For thousands of years, man and fire have had a primal connection. Fire has given us warmth in the cold and provides an enchanting glow of light in the darkness. Campfires have been known to generate some legendary stories and without doubt they add an extra ingredient to our camp cooking. But there’s definitely more to starting and feeding a campfire than meets the eye.
It looks so easy, right? Grab a few sticks, some matches and Bob’s your uncle… or is he? Damp tinder and timber, forgotten matches or even the wrong firewood can make building that campfire oh so frustrating. So, what are some of the things you can do to get your campfire going beautifully first time, every time?
Whether you’re lighting your fire in a dedicated fire-pit on the ground, or in one of the many and varied steel fire-pits on the market, you need to be aware of your surroundings.
Firstly, don’t be that guy! Check the local fire conditions before you strike a match. Ignorance is no excuse for starting a fire during a total fire ban. Think safety first and never build a fire you can’t control. Select a spot for your fire which is away from trees, bushes and piles of leaves. Clear the area before setting up, and remember: There’s nothing worse than turning up to a nice campsite with dozens of old campfire remains strewn throughout, so if your campsite has dedicated fire-pits, then for goodness sake use them.
Tinder (not the dating app), kindling and the right timber…
A campfire needs to be built slowly or you’ll risk smothering it completely; and a good fire starts with good tinder. Whether it’s scrunched-up newspaper, grass, bark or leaves, it must be dry. But in this modern age, there really is no reason for not carrying some form of fire-starter in your vehicle or camper. Fire-starters in their various forms provide an easy way to get your campfire going and generally only need the flick of a match in either wet or dry conditions. Likewise, you need some kindling. Dry sticks, twigs and small breakable branches all provide the substance in a fire that grass and leaves cannot. They’ll catch fire readily and be the building blocks for the real kicker – the timber.
Some timbers are gnarled and hard, others are soft and smoky; but you don’t always need telegraph pole sized logs to have a wonderfully magnetic fire to sit in front of. Depending on your location, selecting the right timber might be the hard part. Eucalypts such as red, yellow and white box, as well as river red gum and mulga, will make for a hot, slow-burning fire and create fantastic coals for camp cooking. Add a little white Cyprus pine to your campfire to create an aroma unlike any other timber (I’m pretty sure it acts as a mozzie repellent, too). Either way, your wood needs to be aged and dry. Bang two pieces of wood together or tap the wood with a coin or a key. Dry, aged wood will make a sharp resonant sound. Wet, damp wood will make a dull sound.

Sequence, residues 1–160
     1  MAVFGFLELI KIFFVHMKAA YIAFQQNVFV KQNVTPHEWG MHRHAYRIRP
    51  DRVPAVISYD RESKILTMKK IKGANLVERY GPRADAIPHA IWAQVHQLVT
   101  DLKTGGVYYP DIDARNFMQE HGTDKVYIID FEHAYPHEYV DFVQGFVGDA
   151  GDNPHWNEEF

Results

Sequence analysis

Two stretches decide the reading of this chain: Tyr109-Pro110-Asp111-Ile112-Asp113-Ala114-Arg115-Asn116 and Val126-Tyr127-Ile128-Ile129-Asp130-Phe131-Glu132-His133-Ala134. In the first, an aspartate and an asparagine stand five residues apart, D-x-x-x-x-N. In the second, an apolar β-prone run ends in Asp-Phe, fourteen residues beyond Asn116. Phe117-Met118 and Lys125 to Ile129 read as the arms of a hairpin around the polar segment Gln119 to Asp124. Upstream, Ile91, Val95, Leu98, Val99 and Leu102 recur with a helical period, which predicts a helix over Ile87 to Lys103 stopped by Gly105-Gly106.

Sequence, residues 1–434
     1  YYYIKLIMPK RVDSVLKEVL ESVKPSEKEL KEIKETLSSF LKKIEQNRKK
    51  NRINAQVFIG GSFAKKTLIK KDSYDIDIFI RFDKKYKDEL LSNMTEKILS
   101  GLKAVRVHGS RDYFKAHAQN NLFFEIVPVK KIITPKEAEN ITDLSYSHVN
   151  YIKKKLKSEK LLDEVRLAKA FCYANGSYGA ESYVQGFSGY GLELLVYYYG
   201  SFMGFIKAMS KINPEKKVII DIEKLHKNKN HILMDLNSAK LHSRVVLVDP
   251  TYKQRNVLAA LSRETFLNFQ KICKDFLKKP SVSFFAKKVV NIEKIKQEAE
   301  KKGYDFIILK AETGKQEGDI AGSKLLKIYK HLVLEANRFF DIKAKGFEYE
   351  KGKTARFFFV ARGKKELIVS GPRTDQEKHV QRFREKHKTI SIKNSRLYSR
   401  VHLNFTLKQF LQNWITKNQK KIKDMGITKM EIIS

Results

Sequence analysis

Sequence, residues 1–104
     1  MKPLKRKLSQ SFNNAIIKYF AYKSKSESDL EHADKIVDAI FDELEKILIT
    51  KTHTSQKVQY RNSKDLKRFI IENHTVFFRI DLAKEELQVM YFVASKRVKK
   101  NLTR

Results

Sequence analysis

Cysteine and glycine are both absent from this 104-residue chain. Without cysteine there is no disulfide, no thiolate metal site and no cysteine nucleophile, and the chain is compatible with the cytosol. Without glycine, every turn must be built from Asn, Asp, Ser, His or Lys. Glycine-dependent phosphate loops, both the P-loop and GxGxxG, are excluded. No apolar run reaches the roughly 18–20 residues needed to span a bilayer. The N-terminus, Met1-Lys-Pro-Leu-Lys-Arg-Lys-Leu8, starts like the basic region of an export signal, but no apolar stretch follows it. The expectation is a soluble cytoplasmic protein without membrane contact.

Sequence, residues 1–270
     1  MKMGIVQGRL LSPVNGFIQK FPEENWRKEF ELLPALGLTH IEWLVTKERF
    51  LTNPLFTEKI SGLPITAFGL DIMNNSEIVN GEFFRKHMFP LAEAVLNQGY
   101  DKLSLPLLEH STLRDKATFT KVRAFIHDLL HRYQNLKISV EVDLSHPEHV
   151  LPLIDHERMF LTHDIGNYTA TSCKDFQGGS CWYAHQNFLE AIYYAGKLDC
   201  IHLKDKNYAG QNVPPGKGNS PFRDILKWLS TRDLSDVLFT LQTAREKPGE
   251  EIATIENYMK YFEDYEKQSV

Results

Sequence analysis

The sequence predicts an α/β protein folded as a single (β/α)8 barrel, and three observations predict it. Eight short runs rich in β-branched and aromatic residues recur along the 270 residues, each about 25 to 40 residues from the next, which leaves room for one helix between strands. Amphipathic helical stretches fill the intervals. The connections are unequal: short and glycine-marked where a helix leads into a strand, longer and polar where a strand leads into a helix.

Building a teepee, log cabin or a simple lean-to…
No I’m not talking about a shelter but the concept is almost the same. Building the fire up slowly is the key to starting a fire, and stacking your tinder and kindling in the right way will work every time.
My personal preference is the simple lean-to method. Place a small timber log on the ground with a fire-starter or other form of tinder next to it and build the fire up using kindling by leaning it over and against the timber log. Remember that fire needs oxygen to develop and grow, so slowly building the fire up will ensure it gets cranking in next to no time. Strike a match, light your tinder or fire-starter; and once your kindling is away, you can then begin to add progressively larger pieces of timber.
- Carry a small axe or tomahawk in your vehicle or camper. Not only can you chop timber with it, the back end of the head can be used as a hammer to knock in a peg or two for your annex or swag.
- Always be conscious of kids around a fire. Black coals may look harmless enough but they can still carry plenty of heat to burn little fingers badly. Let’s face it – kids love a campfire too, so keep a close eye on them.
- Never throw glass or steel into a fire. It won’t burn and it will look really unsightly the next morning. Do the right thing and carry your empties away with you.
- Take your plastics away and dispose of them properly (not in the fire). Burning plastic is toxic and creates an awful smell for hundreds of metres around.
- Carry some waterproof safety matches in your glove box. They can be used in wet conditions and some are also classified ‘windproof’ with an extra long match-head for lighting a fire in blustery conditions.
- Before you light a fire, make yourself aware of the local fire conditions and use common sense. If it’s hot, dry and windy, it’s probably not a good idea to strike a match.
- Always extinguish your fire! Campfires generate a considerable amount of heat, which will take some cooling down – and extinguishing a fire can a take a lot longer than you think. You should try and have a bucket of water around the fire for safety reasons anyway, so use this to help douse your fire properly once you’re done with it and before you leave camp for the day.